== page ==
I bought two new journals. I have dozens of blank journals with monsters, flowers, and quotes on the covers, for me to fill the pages of, but these two new journals are not blank. One is, Start Where You Are: a Journal for Self-Exploration and the other is, 52 Lists for Happiness.
I don’t know why I am such a sucker for happiness related books, journals, exercises, etc. I don’t think I am unhappy. In fact, I feel happy most of the time. If there were something I would like to improve in my life, it is two symptoms of schizophrenia and the lower back pain I feel. The two symptoms of schizophrenia I would like to lessen are anxiety (because this impacts every area of life) and a lack of motivation. The lower back pain needs no further explanation.
There are all kinds of happiness books. Why is happiness such a big industry in the United States? Is it because most people are not happy? I think that happiness books are like coloring books or self-help books (of any variety). According to Quartz, Goodreads data suggests it is mostly women who read them. (In 2017 self-help was an eleven billion dollar industry.) Maybe we think there must be a way to be happier than we are. Is it the comparisons we make on our social media accounts? Sally and Jessica always seem so much happier than I feel, maybe there is a secret to it, so we consume yet another thing trying to make our way to an ever elusive place of happiness.
The fact that I buy these happiness (self-help) books proves that I am unremarkable. I am an average, college educated, middle-aged, married, middle income, woman, living in an urban environment, and I do average, middle-aged, married, middle income, college educated, urban dweller, woman like-things. The only thing that stands out about me is that I have schizophrenia (of course, this is overly simplistic, there are a million little things about me that make me unique). But the point is, all the stereotypes about schizophrenia don’t leave room, or space, for the truth about the people who live with it. And there are many truths.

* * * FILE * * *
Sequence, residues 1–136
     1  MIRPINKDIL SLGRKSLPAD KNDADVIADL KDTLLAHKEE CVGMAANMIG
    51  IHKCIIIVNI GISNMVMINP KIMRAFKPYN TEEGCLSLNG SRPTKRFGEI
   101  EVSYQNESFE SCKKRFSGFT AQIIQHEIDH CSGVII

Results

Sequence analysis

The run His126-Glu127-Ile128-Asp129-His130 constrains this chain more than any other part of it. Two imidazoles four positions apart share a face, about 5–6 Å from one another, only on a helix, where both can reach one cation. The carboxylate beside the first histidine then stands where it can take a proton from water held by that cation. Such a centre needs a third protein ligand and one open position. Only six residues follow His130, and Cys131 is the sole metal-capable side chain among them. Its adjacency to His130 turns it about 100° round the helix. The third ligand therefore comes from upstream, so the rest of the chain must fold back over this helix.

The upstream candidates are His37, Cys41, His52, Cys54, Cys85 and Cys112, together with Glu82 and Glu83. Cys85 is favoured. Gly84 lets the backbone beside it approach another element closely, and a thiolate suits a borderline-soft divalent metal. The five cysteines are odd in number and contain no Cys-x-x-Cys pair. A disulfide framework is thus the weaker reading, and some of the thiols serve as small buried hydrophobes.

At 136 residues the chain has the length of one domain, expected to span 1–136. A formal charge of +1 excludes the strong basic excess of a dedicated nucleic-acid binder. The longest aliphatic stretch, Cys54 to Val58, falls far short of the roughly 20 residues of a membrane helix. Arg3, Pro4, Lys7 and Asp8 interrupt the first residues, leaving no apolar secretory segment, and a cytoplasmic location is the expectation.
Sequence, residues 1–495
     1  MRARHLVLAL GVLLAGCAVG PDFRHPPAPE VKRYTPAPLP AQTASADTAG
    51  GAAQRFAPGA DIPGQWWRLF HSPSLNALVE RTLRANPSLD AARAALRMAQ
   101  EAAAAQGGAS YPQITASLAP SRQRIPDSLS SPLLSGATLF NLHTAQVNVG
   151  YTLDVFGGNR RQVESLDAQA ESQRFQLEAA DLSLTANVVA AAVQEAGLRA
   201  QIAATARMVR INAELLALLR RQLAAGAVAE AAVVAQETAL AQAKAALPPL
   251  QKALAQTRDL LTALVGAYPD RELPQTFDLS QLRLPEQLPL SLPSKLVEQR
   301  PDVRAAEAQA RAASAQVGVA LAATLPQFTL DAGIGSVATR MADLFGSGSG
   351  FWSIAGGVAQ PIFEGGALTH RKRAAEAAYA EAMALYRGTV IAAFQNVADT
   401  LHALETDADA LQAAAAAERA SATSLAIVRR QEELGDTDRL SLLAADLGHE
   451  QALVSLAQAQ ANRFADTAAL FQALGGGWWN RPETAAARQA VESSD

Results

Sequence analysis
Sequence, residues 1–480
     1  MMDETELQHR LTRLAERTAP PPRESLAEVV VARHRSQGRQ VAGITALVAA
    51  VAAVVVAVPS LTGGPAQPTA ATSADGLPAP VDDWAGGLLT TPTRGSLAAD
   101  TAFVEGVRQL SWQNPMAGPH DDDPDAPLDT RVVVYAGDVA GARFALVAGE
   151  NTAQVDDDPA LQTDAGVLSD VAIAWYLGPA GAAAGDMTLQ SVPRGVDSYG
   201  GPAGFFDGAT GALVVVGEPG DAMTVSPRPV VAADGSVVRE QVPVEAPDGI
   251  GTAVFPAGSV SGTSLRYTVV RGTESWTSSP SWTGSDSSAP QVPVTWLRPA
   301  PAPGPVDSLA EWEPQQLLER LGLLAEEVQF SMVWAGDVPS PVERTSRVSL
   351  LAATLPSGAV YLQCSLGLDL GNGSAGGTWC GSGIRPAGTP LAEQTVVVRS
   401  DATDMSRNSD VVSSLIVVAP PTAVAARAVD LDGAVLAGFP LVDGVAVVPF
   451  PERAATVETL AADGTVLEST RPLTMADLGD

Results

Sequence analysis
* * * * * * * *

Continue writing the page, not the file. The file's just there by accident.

Stereotypes are tricky because there is often a small bit of reality to them that make them stick. For instance, has any mass shooter ever had schizophrenia? Yes. Has anyone with schizophrenia ever worn a tin foil hat? Yes. Has a person with schizophrenia ever been violent? Yes. But, are we referring to the majority of people with schizophrenia? No. In fact, those stereotypes refer to a very small number of people with the disease/disorder. Saying these things are true of everyone with schizophrenia is the same as saying all people with schizophrenia are middle-aged women – obviously not even close to true.
There is so much to learn about marginalized people. I never tire of reading articles about people with disabilities, the nuances of racism, the language and struggles of the LGBTQ community and all the articles/work coming out about feminism. This is one of the most frightening (bigoted, misogynistic, homophobic, racist) times I can remember living in, but at the same time, there is so much progress by some groups to further our understanding, our acceptance, and the very civil rights of various groups. I hope that schizophrenia doesn’t get left in the dust. I hope that those of us with schizophrenia will keep in step with other marginalized groups and find our feet further along the path; the path that leads to better lives for all of us. Somewhere in that statement, there is happiness.